Reviewed at request of publisher-Doubleday-ARC.
The Broken Ones by Stephen M. Irwin
My rating: 5 of 5 stars
“The Broken Ones” is an extraordinarily complex second novel, well worthy of the author whose debut novel was “The Dead Path.” Set up on an unfailing premise-“Gray Wednesday,” September 10, the day every single living human on the globe was blessed-or cursed-with her or his own specifically individual ghost-the novel delves into the ramifications for economics, government, politics, and society, as well as for individuals, who must come at this each in their own way, and either make peace with the apparitions, or fail to do so. Multi-layered, with a complex set of characters, both primary and secondary, this novel is outstandingly interwoven.
Detective Constable Oscar Mariani and his partner, Detective Constable Neve de Rossa, are the only members of the Nine-Ten Unit, formed three years earlier to sign off on the authenticity of confessions of “the ghost made me do it,” or something similar-cases in which the perpetrator genuinely believed he or she was killing off their personal apparition. The “Barely” Unit, as it is widely and scathingly known, is barely existing, constantly ground under the pressures of attrition, budget downsizing, and Homicide Inspector Haig, a man who is more like the giant spider at the center of a web of bribery, extortion, power, and death, than he is like a Homicide detective. Oscar stumbles on a case of a tortured young girl, carved with arcane symbols, and refuses to relinquish it to Homicide, despite enormous pressure and the requested transfer of Neve. So much more is behind the scenes of this murder, though, and soon Oscar finds himself stalked by the Supernatural.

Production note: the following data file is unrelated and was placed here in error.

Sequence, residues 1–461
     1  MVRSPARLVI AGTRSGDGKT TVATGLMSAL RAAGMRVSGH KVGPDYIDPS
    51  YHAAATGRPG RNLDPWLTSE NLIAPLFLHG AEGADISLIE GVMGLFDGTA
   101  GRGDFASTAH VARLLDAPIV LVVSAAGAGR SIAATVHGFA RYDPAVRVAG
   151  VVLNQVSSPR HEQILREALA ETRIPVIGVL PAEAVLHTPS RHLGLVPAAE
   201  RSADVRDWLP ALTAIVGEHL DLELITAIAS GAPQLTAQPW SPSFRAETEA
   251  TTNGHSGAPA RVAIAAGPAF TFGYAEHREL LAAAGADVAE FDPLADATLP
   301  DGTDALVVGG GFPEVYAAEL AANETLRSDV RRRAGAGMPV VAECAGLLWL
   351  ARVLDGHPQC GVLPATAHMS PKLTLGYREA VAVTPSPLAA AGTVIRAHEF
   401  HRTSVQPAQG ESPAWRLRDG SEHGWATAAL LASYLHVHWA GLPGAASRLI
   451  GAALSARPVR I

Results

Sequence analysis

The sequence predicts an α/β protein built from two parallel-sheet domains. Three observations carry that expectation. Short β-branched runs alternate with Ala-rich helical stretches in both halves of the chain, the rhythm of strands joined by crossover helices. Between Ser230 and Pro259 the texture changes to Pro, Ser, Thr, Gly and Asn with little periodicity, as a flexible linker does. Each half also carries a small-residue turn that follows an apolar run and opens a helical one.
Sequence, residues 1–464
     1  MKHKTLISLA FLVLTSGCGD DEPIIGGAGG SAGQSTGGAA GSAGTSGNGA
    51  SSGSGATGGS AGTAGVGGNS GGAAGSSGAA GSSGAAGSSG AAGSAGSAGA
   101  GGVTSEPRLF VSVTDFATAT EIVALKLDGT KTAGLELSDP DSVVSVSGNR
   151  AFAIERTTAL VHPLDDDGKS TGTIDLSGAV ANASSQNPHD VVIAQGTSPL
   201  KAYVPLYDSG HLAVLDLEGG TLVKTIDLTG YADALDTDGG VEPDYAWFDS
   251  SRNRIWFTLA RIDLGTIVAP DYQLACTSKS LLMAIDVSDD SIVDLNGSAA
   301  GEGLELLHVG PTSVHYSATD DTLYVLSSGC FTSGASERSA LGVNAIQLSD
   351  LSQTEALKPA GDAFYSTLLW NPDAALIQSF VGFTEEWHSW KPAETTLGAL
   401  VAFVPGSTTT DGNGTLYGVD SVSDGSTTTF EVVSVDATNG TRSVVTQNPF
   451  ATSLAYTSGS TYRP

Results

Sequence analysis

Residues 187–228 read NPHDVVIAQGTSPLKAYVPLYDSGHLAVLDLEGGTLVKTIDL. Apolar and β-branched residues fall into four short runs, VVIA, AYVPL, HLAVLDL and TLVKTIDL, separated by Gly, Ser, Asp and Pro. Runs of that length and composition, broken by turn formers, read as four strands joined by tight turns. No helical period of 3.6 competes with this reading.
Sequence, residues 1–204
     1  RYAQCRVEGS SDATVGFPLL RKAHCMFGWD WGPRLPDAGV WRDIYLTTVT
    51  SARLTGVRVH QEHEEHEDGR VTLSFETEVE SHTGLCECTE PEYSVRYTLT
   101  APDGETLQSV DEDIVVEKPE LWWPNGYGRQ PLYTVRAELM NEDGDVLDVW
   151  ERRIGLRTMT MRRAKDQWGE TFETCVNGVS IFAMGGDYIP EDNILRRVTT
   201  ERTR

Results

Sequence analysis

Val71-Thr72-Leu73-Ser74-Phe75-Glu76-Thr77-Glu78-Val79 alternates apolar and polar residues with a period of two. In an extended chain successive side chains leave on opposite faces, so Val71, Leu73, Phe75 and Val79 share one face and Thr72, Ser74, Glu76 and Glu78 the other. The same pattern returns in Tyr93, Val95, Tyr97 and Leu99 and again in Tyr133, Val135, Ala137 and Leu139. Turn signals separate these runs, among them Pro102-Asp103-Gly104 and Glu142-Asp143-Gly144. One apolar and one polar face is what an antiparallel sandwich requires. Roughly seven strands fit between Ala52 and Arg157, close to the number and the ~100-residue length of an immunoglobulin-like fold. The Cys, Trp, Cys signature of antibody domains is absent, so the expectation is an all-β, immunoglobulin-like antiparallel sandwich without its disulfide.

I highly recommend this novel, which will linger long in the reader’s mind and inhabit reader’s dreams.
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